Saturday, November 25, 2023

Where it all began...

I was walking my dogs at a local park this morning. It's a very nice park, one that both my dogs and I like very much. For whatever reason, my mind always goes to the hobby when I am there. 

This morning, I was thinking about the beginnings of my love for wargaming and toy soldiers. It all began when I was about 4 or 5 when I saw some very small painted soldiers being sold at a local flea market. This was the early 80s and my memory tells me they were someplace between 6mm and 10mm. They were horse and musket era infantry in shakos, red tunics and sky blue trousers. Someone's effort at Napoleonic British? Perhaps 19th century Danes? Who knows but I loved them. 


(These aren't Brunswickers but you get the idea)

The next purchase I remember was a pack of Minifigs 15mm Brunswick infantry. These would be my first foray into painting toy soldiers. I found a uniform book (probably from the local library) and did my best effort to paint them in their black and sky blue uniforms. I used Testor's gloss paints and I can only imagine how sloppy and shiny they turned out. As a boy of 6 or so, I was fairly proud of my efforts. 

I spent a good amount of my childhood summers at my father's house and the local library had an excellent collection of military history and wargaming books. The one that I cherished above all else was Paul Hague's Sea Battles in Miniature. I read every word and poured over every picture hundreds of times. 

During those Summer days, I made my own ancient galleys out of balsa and card and even attempted to use the guide in the book to assemble an Italian Duilio-class ironclad out of balsa. 

Many years later I purchased my own copy of Sea Battles in Miniature and it remains a hobby inspiration to this day. 

It was in high school that I was introduced to formalized wargaming with proper rules. My friends stumbled into Games Workshop's Warhammer Fantasy Battle 4th edition. I purchased a discounted box set from the Walden Bookstore at my local mall. I swapped the elves in my set with a friend to get his goblins. My painting was crude, slapping on black, olive green, red and yellow to those simple plastic miniatures. 

Over the years we would have many epic and massive battles in the Warhammer world...we even branched out into 40k and other GW sets. My best friend Rob is still painting and collecting GW stuff, however my collection these days is limited to vintage green skins, Man o' War and some unpainted box sets.

It was in college that I returned back to my historical roots and never really turned back. Projects were started from 6mm to 28mm from biblical to 20th century. I tried, and failed, to make sense of DBA and DBR.

It has been over 4 decades since I first laid eyes on those tiny red and blue clad tin soldiers and I still love the hobby very much. 

Friday, November 17, 2023

Ace of (re)Base

As I grind away on my 10mm Crimean War project, my mind goes to some possible re-basing projects. I have several collections that I think should be rebased: 15mm IDF/PLO, 10mm Dux Bellorum and 10mm Blucher

For all of these I'm thinking of going thinner (from 3mm to 1.5mm to be precise) and for two of the three, slightly bigger. I'd like to get my IDF/PLO collection based compatible to my Krapistan project since both are for AK-47. For Dux Bellorum and Blucher, I want thinner bases with a little more space for the miniatures and the addition of dice trays. 

I have plenty of figures to paint and it feels s but of a waste of time and resources to rebase but I think it would make me happy...I will keep you posted.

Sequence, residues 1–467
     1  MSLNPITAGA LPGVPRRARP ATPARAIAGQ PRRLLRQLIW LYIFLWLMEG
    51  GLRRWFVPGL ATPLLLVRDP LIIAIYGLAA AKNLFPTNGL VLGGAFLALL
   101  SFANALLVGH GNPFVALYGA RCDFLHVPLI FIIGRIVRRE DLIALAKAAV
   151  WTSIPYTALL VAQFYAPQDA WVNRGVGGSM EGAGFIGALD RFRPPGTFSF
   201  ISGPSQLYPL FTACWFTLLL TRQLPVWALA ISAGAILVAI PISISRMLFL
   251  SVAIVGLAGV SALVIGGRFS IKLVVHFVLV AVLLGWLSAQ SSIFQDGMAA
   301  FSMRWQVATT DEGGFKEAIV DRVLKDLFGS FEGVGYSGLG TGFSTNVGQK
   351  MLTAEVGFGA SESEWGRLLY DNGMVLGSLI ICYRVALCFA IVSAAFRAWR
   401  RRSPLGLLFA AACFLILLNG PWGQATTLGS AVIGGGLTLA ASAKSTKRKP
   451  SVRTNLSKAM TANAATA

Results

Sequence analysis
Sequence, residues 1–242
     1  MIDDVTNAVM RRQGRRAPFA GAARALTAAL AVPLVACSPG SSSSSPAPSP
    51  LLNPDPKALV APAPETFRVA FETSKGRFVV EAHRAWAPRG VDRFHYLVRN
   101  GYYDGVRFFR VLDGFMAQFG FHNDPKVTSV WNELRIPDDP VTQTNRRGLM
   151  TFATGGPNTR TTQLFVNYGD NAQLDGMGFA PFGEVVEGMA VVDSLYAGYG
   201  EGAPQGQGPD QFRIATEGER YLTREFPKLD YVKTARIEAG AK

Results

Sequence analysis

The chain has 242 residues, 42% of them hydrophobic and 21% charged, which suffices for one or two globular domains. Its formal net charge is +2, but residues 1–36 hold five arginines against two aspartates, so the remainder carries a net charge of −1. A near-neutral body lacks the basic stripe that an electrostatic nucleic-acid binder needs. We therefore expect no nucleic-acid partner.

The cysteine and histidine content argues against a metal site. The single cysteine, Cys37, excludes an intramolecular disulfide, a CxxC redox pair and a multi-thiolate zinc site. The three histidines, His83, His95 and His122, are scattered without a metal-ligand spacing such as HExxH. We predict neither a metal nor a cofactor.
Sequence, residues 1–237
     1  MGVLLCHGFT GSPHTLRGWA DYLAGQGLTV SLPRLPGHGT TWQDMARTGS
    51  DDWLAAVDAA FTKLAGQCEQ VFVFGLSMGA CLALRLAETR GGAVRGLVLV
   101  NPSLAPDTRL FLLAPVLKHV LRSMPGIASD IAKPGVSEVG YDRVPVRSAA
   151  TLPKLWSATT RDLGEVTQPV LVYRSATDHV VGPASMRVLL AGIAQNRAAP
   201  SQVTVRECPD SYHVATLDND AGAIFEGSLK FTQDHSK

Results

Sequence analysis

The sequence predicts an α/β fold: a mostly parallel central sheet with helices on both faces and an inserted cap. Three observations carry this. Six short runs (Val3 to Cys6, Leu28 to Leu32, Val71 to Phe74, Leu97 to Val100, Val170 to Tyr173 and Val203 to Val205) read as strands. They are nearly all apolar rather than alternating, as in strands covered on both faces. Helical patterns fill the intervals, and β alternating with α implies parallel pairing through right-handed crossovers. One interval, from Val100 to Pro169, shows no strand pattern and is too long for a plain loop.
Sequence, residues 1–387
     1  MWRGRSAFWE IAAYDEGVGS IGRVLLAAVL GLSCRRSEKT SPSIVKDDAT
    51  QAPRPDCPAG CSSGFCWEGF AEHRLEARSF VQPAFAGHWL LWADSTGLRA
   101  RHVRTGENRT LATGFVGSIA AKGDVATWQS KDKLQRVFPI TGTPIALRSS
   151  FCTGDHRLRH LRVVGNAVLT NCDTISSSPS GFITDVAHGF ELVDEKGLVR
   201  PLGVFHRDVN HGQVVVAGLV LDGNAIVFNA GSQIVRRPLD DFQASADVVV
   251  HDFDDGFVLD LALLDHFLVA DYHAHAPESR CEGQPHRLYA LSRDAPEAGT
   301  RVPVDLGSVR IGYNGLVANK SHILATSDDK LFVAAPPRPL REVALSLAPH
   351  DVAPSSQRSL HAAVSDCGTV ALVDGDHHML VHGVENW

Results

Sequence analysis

Tuesday, November 7, 2023

Fall In 2023

I managed to make it up to Lancaster and HMGS Fall In. I've been attending HMGS conventions for over two decades and it's always nice to return to the The Host (now known as Wyndham). 

This year, I refrained from purchasing too much although I made a significant "donation" in the form of raffle tickets although I didn't manage to win anything (probably all for the better since I have enough hobby clutter). 

I didnt see much in Wally's flea market that piqued my interest, I feel like it's always the same group of fellas who are selling the same stuff I've seen year after year. Rarely do I find something that strikes my eye, although I admit my hobby interests are a bit "niche".

Managed to play in a game of To The Strongest, and every time I play I'm reminded why I enjoy that ruleset so much. I really need to paint up my Macedonian, Indian and Persian armies this coming year. 

Also managed to get in a game of Frostgrave  with my longtime friend and gaming buddy Rob. The brilliant scenery is all Rob's and it really evokes the feeling of a cold, barren abandoned city. , my necromancer (who doesn't have a name yet) and his yellow-clad cultist minions managed some success in this scenario. Here are a few photos of that game:

Krapistan: Battle of Mirhadan

I had the opportunity to fight the first battle of the Krapistan project, the battle of Mirhadan. In the south of Kaput province, sit the twin villages of Mirhadan. Al Kebab felt the time was right to launch their offensive against these villages in an effort to establish a proper base of operations. The Nawab of Kaput was well informed of these plans and brought several of his clans and a detachment of Krapistani regulars to Mirhadan to thwart the fundamentalist assault. 

A view from the left side of the Nawab's position. In the center foreground is "Little Mirhadan" and in the upper right hand corner is "Big Mirhadan". In the center is a palm grove. 

"Little" Mirhadan sitting on the left flank of the Nawab's position. The Nawab placed clan fighters of his henchman Babak (8 infantry bases and 2 RPG bases) to defend this position. The Nawab decided to place himself with Babak's men  (which probably was a bad idea).

Uncertain of al Kebab's intentions, the Nawab placed his best and most mobile units (his personal armor and a detachment of Krapistani regulars in BTRs) in the center where they can provide support to either village of Mirhadan or the palm grove.